dalfampridine Ampyra
Dalfampridine 10 mg twice daily for 8 weeks
(Placebo Comparator)
Placebo controlled arm.
placebo Sugar pill
Placebo pill 1 tablet twice daily for 8 weeks

Primary Outcomes

Measure
Timed 25-foot walk
time frame: Every 2 weeks for 26 weeks

Secondary Outcomes

Measure
Transcranial magnetic stimulation
time frame: Four times over the course of 26 weeks
Lower extremity muscle strength measurements
time frame: Four times over the course of 26 weeks
Expanded Disability Severity Scale
time frame: Four times over the course of 26 weeks

Eligibility Criteria

Male or female participants from 18 years up to 70 years old.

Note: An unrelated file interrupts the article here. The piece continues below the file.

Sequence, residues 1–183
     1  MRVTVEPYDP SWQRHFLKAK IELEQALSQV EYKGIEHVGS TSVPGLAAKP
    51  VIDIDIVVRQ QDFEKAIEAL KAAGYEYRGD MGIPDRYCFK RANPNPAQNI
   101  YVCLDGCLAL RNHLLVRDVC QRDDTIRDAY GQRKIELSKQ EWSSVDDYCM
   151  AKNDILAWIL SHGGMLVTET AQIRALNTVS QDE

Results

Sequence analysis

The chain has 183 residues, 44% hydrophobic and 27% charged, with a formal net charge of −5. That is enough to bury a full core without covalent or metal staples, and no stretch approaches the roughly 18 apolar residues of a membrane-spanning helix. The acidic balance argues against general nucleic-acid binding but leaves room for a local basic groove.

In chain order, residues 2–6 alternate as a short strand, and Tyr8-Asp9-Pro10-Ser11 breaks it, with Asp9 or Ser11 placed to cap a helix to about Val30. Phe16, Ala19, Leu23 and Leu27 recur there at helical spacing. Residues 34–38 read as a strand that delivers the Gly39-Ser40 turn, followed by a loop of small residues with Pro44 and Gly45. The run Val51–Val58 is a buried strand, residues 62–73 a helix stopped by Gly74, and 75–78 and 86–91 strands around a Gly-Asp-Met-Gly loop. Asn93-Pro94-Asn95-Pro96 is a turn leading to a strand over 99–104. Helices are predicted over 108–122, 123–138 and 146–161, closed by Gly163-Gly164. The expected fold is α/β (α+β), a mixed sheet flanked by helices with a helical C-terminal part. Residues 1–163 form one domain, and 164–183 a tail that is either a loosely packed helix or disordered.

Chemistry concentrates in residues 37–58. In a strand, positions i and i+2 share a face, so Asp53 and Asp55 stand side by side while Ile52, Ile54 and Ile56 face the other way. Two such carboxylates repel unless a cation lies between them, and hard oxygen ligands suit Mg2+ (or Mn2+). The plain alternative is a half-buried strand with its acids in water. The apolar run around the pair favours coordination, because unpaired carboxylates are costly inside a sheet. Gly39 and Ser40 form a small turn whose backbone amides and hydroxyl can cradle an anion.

Inclusion Criteria: 1. Diagnosis of transverse myelitis confirmed by MRI 2. Gait impairment defined as a baseline timed 25-foot walk of at least 5 seconds and no more than 60 seconds. 3. Age 18-70. Exclusion Criteria: 1. Diagnosis of any of the following concurrent conditions: spinal dural arteriovenous malformation, multiple sclerosis, infectious myelitis and recurrent transverse myelitis of any etiology. Subjects with a positive NMO-IgG biomarker test will be permitted to join the study as long as the there is only a history of monophasic, and not recurrent, TM. 2. History of seizure(s). 3. Pregnancy or positive pregnancy test (mandatory test for all women aged 18-55 to be done at first screening visit). 4. Known use or allergy to dalfampridine or any other formulation of 4-aminopyridine. 5. Patients unable to walk. 6. Patients with history of severe alcohol or drug abuse, severe psychiatric illness such as severe depression, poor motivational capacity, or severe language disturbances, particularly of receptive nature or with serious cognitive deficits (defined as equivalent to a mini-mental state exam score of 23 or less). 7. Patients with severe uncontrolled medical problems (e.g. hypertension, cardiovascular disease, severe rheumatoid arthritis, active joint deformity of arthritic origin, active cancer or renal disease, any kind of end-stage pulmonary or cardiovascular disease, claudication, uncontrolled epilepsy or others).